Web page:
I’ve had a lot of time to think lately. Like many of you, I’m not a huge fan of too much mental downtime, and as this whole COVID-19 thing has stretched into its fourth month I’ve felt an increasing need to fill some of the empty spots between my ears. I’ve done so, at least in part, my giving myself little challenges that feel productive, if only to me. I’ve improved my bread baking skills. I’ve taken on knitting projects for which I had to learn new stitches. I made taiyaki for the first time. I wrote and submitted a horror novella.
Some of these challenges have gone well. Some have been less successful (why does this lace pattern scarf suddenly have 107 stitches? I don’t…damn it). As I was contemplating the sum total the other day, however, I realized I hadn’t yet done any sort of comics challenge.
And thus Comics A–Z was born.
We’ve finished up our first challenge: pairing comics/graphic novels. This week, we’re tackling part two of challenge number two: a hero for every letter of the alphabet.
Remember, I’m attempting to use naming conventions from the country of origin (Japanese heroes, for example, will be listed first name, surname as the surname is given precedence where as American/European heroes will be listen surname, first name). I’m also going to do my best not to use two heroes from the same series unless I’m really stuck.
Phyla-Vell has held two different legacy titles in the Marvel Comics Universe: Quasar and Captain Marvel (she is the daughter of the genetically engineered woman Mar-vell loved and who used his DNA to create Phyla, but only in the scientific sense so no, I’m not even going to try to draw that family tree). Phyla-Vell chose a third moniker, Martyr, while acting as the Avatar of Oblivion (male version of Death, sort of?), a job she took on as part of a deal she made to save her partner Moondragon’s (she of the physiologically impossibly and physics defying one-piece) life. So, yeah, she’s used pretty much every name in the Marvel Universe except her own, which is fine because she also spend time with the Guardians of the Galaxy and come on…Starlord? A powerhouse in her own right, Phyla-Vell has fought some of Marvel’s heaviest hitters including Thanos and the Inhumans. She has also done time inside the Soul Gem.
Q: Queen, Oliver
I mean, this one is a gimme but I can’t not include the Emerald Archer. Rich, judgmental hippie with good intentions and spitter of terrible puns. Fighter for justice and crafter of boxing glove arrows. Loving partner who makes occasional terrible decisions. Dad who gives up on his adopted kids a little too easily and yet manages to tolerate Hal freakin’ Jordan as a best friend. Ollie is fundamentally a decent human, though, which puts him head and shoulders above many of his compatriots, as does his possession of a sense of humor. Honestly, beyond my boredom with the man-pain, one of the main reasons I stopped watching Arrow was the fear Stephen Amell’s face would actually crack if he so much as smirked (which means Neal McDonough’s 2013 turn as Ollie in the Green Arrow DC Showcase Short is still the character’s best screen portrayal—ironic as he played Queen’s nemesis Damian Darhk on Arrow).
R: Ree, Ciena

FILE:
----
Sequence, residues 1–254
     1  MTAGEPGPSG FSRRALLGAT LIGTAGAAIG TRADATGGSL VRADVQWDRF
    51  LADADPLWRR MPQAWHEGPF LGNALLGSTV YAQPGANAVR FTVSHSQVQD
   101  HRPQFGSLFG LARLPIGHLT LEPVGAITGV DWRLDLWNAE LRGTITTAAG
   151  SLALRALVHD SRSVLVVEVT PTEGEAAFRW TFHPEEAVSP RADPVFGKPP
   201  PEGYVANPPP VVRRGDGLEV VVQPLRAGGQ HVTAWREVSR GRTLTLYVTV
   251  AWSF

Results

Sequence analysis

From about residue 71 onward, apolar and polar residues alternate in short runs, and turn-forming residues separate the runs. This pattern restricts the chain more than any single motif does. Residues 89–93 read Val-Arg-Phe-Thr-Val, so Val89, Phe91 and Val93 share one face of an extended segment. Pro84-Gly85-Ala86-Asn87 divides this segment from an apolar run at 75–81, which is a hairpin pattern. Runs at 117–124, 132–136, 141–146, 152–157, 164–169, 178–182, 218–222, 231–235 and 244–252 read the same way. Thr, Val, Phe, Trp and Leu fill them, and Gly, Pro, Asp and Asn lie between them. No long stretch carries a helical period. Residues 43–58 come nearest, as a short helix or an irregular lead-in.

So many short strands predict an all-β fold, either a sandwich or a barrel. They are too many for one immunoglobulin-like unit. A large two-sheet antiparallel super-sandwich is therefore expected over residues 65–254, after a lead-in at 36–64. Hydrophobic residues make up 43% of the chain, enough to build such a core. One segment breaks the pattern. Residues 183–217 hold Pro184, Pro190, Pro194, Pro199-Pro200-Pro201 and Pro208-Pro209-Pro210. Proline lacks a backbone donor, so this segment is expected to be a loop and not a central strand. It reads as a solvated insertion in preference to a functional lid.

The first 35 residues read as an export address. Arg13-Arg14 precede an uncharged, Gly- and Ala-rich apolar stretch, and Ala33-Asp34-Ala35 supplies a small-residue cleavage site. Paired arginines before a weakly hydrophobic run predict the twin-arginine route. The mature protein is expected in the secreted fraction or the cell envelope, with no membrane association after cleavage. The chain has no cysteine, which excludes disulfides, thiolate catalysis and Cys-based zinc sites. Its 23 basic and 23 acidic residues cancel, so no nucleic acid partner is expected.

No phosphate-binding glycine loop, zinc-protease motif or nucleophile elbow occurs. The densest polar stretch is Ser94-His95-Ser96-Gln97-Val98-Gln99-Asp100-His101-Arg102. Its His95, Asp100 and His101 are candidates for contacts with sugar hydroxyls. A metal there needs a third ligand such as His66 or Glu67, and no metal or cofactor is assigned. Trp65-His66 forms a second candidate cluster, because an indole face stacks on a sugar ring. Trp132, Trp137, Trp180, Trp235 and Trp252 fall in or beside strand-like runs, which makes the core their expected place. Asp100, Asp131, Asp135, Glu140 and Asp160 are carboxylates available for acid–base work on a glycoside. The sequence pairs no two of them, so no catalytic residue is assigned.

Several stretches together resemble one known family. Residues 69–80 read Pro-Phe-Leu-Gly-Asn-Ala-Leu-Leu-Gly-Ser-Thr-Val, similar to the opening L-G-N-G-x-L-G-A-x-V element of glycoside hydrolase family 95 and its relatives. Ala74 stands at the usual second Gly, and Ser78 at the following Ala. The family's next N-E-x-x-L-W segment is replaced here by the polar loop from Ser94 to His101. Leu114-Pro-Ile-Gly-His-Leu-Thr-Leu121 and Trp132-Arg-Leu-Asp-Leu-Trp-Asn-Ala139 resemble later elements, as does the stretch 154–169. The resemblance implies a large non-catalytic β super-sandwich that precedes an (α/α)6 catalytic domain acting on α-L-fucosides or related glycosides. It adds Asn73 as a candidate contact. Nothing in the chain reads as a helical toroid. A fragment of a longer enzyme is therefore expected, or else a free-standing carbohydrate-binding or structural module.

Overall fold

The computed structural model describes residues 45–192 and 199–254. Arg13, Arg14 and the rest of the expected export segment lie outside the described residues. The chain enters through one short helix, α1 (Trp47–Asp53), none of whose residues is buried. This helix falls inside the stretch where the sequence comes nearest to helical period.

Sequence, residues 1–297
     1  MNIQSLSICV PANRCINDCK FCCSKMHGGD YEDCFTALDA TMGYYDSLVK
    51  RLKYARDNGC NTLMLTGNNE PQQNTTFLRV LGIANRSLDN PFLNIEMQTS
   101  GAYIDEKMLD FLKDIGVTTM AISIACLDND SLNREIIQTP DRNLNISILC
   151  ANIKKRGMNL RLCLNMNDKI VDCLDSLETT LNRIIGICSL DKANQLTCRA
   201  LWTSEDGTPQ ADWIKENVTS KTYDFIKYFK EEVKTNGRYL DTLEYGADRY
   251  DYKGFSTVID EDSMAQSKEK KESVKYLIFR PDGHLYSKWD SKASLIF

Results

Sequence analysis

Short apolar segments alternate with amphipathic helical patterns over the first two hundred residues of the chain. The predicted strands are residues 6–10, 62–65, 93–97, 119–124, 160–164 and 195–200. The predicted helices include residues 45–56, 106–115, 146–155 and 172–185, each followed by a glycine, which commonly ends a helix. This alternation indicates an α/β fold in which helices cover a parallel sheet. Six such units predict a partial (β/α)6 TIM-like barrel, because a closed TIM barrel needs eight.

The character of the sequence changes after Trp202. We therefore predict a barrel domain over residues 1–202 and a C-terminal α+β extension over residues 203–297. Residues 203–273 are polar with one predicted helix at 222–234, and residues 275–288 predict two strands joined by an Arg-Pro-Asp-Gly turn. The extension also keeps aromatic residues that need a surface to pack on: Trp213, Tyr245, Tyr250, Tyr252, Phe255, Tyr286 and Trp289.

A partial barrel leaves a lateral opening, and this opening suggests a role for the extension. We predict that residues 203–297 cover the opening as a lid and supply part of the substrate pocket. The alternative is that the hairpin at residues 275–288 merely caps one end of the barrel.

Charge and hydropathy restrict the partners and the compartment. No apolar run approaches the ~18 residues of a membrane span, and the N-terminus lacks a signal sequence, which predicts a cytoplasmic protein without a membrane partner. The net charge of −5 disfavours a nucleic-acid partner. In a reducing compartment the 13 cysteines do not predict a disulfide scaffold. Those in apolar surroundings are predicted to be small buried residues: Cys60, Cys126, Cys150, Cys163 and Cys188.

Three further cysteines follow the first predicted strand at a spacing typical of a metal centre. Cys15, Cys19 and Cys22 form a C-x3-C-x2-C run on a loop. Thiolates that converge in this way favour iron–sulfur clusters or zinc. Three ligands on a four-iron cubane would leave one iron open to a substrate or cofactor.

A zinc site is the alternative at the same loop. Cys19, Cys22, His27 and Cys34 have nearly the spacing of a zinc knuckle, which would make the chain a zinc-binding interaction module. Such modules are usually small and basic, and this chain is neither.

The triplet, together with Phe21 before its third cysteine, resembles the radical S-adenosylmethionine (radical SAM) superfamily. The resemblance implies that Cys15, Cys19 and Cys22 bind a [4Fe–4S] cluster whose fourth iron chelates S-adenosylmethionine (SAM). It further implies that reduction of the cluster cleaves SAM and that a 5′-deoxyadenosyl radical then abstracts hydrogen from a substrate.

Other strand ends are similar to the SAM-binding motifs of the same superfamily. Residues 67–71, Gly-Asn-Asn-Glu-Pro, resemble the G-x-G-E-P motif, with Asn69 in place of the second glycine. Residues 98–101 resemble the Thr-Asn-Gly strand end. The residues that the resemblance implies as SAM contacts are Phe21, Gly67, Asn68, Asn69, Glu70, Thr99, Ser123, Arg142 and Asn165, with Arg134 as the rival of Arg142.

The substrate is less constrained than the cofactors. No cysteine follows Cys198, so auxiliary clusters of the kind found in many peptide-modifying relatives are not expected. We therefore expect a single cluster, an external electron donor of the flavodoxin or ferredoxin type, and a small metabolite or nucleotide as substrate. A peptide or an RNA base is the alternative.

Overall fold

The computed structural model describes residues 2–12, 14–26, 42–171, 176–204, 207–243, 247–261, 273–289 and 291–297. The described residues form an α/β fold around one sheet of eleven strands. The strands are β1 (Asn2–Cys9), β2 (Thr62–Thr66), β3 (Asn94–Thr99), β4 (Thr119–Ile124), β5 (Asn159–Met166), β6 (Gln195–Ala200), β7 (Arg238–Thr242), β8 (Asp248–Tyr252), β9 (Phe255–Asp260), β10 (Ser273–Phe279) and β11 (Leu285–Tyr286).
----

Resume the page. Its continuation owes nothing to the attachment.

I debated whether or not Ciena Ree belonged on the “hero” list or needed to be partitioned off with the “villains” A–Z I’ll surely be doing at some point. She is, after all, an Imperial, and remains one even after the Death Star attack on Alderaan, despite her best friend Thane Kyrell’s moral crisis and eventual defection. Ciena is a hero, though, of a sort—a young woman at a distinct economic and social disadvantage who worked her ass off to make a better life for herself, who refused to let anything stand in the way of the training that would give her access to the life she wanted. She’s a woman from a society in which a person’s word is her bond; she took an oath and, as her honor demands, she keeps it even when doing so is messy and complicated, even when it puts her at odds with the only stable thing, the only stable presence, in her life. Do I wish she’d turned Rebel the way Thane had? Absolutely. Do I like her? No, I do not. But I do have to respect her dedication if not that to which she has dedicated herself.
(Star Wars: Lost Stars by Claudia Gray and Yusaku Komiyama)
The star of a titular book published by Raj Comics, Shakti was once a human woman named Chandra; when she discovered her husband was killing their daughters, her rage opened her to the goddess Kali. Kali used Chandra’s body as a vessel for a spirit of vengeance. Now Shakti is in possession of godly powers including fire, the ability to turn any metal into a weapon, and a third eye, the newly minted hero kills her murderous husband and goes out into the world to do good works. Able to disguise herself as Chandra when she wishes, Shakti can hear the cries of women in distress and answers those calls, liberating her sisters by any means necessary.
Alex is a witch who, unlike her compatriots, is homeschooled in all subjects, mundane to magical, rather than attending the Nightschool. Her sister Sarah, however, spends plenty of time at the school as a Keeper. One fateful night while Sarah is at work, Alex goes to the cemetery for vampire observation and then finds herself suddenly back home with no recollection of how she got there and a gap in her memory. When three hunters are injured at that same cemetery and hang suspended between life and death, Alex goes to ask for Sarah’s help in finding a connection only to find that Sarah has vanished so thoroughly, no one at the Nightschool remembers she ever existed…
(Nightschool by Svetlana Chmakova)
Whew. One more round on heroes and then on to…villains? Art? Cities? Settings? So many comics, and luckily, at least at the moment, “plenty” of time.